Basic Questions and Answers About Trichomoniasis
November 17, 2015
Most people who have trichomoniasis do not have any symptoms.
What Is Trichomoniasis?
Trichomoniasis (or "trich") is a very common sexually transmitted disease (STD) that is caused by infection with a protozoan parasite called Trichomonas vaginalis. Although symptoms of the disease vary, most women and men who have the parasite cannot tell they are infected.
Trichomoniasis is considered the most common curable STD. In the United States, an estimated 3.7 million people have the infection, but only about 30% develop any symptoms of trichomoniasis. Infection is more common in women than in men, and older women are more likely than younger women to have been infected.
The parasite is passed from an infected person to an uninfected person during sex. In women, the most commonly infected part of the body is the lower genital tract (vulva, vagina, or urethra), and in men, the most commonly infected body part is the inside of the penis (urethra). During sex, the parasite is usually transmitted from a penis to a vagina, or from a vagina to a penis, but it can also be passed from a vagina to another vagina. It is not common for the parasite to infect other body parts, like the hands, mouth, or anus. It is unclear why some people with the infection get symptoms while others do not, but it probably depends on factors like the person's age and overall health. Infected people without symptoms can still pass the infection on to others.
About 70% of infected people do not have any signs or symptoms. When trichomoniasis does cause symptoms, they can range from mild irritation to severe inflammation. Some people with symptoms get them within 5 to 28 days after being infected, but others do not develop symptoms until much later. Symptoms can come and go.
Men with trichomoniasis may feel itching or irritation inside the penis, burning after urination or ejaculation, or some discharge from the penis.
Women with trichomoniasis may notice itching, burning, redness or soreness of the genitals, discomfort with urination, or a thin discharge with an unusual smell that can be clear, white, yellowish, or greenish.
Having trichomoniasis can make it feel unpleasant to have sex. Without treatment, the infection can last for months or even years.
Trichomoniasis can increase the risk of getting or spreading other sexually transmitted infections. For example, trichomoniasis can cause genital inflammation that makes it easier to get infected with the HIV virus, or to pass the HIV virus on to a sex partner.
Pregnant women with trichomoniasis are more likely to have their babies too early (preterm delivery). Also, babies born to infected mothers are more likely to have an officially low birth weight (less than 5.5 pounds).
It is not possible to diagnose trichomoniasis based on symptoms alone. For both men and women, your primary care doctor or another trusted health care provider must do a check and a laboratory test to diagnose trichomoniasis.
Trichomoniasis can be cured with a single dose of prescription antibiotic medication (either metronidazole or tinidazole), pills which can be taken by mouth. It is okay for pregnant women to take this medication. Some people who drink alcohol within 24 hours after taking this kind of antibiotic can have uncomfortable side effects.
People who have been treated for trichomoniasis can get it again. About 1 in 5 people get infected again within 3 months after treatment. To avoid getting reinfected, make sure that all of your sex partners get treated too, and wait to have sex again until all of your symptoms go away (about a week). Get checked again if your symptoms come back.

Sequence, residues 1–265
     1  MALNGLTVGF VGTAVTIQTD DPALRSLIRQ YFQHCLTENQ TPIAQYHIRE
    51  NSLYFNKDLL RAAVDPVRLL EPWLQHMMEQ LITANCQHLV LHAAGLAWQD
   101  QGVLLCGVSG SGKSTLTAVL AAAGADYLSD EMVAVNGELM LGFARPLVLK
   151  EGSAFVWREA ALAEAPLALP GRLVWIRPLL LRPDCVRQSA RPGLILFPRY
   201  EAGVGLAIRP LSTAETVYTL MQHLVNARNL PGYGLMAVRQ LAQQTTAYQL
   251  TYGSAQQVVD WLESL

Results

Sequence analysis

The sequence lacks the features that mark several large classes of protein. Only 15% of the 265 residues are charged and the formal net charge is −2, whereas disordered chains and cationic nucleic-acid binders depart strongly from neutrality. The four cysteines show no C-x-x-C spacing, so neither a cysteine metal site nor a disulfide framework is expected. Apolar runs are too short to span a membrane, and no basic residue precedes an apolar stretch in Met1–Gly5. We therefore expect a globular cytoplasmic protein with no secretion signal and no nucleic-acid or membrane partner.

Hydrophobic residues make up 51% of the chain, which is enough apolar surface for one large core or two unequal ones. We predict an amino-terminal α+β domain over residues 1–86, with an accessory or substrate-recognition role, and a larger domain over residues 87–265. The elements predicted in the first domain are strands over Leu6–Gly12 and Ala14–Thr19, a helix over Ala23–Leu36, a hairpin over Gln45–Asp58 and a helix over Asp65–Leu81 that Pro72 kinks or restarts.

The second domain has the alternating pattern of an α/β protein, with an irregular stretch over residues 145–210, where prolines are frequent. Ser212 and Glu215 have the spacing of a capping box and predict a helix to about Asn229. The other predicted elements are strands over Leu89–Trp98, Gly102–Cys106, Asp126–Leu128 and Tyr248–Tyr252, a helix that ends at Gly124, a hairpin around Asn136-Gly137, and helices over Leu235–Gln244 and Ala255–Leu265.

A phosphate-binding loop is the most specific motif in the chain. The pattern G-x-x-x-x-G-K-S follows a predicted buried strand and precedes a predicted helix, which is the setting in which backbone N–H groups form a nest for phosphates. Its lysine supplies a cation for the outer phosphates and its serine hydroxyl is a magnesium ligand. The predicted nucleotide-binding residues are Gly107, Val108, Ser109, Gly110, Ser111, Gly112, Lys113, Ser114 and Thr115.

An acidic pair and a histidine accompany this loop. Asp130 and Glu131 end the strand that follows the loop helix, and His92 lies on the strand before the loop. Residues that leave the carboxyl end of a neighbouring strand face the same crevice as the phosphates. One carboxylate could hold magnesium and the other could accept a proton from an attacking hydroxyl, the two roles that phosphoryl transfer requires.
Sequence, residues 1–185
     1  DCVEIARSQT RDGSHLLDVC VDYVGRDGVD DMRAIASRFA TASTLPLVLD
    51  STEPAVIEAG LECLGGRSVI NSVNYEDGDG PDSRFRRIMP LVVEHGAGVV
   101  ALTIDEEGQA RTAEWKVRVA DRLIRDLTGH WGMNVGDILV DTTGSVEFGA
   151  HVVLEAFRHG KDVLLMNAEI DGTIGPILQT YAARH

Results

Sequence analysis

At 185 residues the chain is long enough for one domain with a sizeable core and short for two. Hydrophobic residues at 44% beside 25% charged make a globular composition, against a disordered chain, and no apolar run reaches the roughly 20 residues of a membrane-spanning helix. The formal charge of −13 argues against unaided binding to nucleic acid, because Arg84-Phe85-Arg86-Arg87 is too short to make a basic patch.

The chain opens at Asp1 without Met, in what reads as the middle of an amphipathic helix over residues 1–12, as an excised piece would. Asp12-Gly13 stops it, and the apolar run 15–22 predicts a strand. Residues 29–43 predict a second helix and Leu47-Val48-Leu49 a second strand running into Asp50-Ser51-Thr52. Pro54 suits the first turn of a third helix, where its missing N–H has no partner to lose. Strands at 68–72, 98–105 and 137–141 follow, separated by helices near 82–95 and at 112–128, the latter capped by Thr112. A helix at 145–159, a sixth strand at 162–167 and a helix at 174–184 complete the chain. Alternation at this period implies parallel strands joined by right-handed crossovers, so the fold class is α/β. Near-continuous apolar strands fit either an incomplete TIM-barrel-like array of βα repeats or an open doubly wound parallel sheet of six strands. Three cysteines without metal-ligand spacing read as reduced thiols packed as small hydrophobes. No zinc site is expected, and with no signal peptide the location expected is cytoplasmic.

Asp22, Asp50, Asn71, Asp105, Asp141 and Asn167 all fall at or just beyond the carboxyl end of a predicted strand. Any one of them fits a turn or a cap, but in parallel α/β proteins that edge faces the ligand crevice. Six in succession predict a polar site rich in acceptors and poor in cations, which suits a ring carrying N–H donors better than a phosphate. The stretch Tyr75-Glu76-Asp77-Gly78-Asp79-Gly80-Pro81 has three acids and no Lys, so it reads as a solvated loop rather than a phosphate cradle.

Using latex condoms correctly every time you have sex will help reduce the risk of getting or spreading trichomoniasis. However, condoms don't cover everything, and it is possible to get or spread this infection even when using a condom.
The only sure way to prevent sexually transmitted infections is to avoid having sex entirely. Another approach is to talk about these kinds of infections before you have sex with a new partner, so that you can make informed choices about the level of risk you are comfortable taking with your sex life.
If you or someone you know has questions about trichomoniasis or any other STD, especially with symptoms like unusual discharge, burning during urination, or a sore in the genital area, check in with a health care provider and get some answers.
Division of STD Prevention (DSTDP)
CDC-INFO Contact Center
CDC National Prevention Information Network (NPIN)
American Sexual Health Association (ASHA)
Centers for Disease Control and Prevention. Sexually Transmitted Diseases Treatment Guidelines, 2015. MMWR, 64(RR-3) (2015).
Sutton M, Sternberg M, Koumans EH, McQuillan G, Berman S, Markowitz L. The prevalence of Trichomonas vaginalis infection among reproductive-age women in the United States, 2001-2004. Clin Infect Dis. 2007 Nov 15;45(10):1319-26.
Centers for Disease Control and Prevention. Sexually Transmitted Disease Surveillance 2014 (U.S. Department of Health and Human Services, Atlanta, 2015).
Peterman TA, Tian LH, Metcalf CA, Satterwhite CL, Malotte CK, DeAugustine N, Paul SM, Cross H, Rietmeijer CA, Douglas JM Jr; RESPECT-2 Study Group. High incidence of new sexually transmitted infections in the year following a sexually transmitted infection: a case for rescreening. Ann Intern Med. 2006 Oct 17;145(8):564-72.
Hobbs M, Seña EC, Swygard H, Schwebke J. Trichomonas vaginalis and Trichomoniasis. In: KK Holmes, PF Sparling, WE Stamm, P Piot, JN Wasserheit, L Corey, MS Cohen, DH Watts (editors). Sexually Transmitted Diseases, 4th edition. New York: McGraw-Hill, 2008, 771-793.
This article was provided by U.S. Centers for Disease Control and Prevention. Visit the CDC's website to find out more about their activities, publications and services.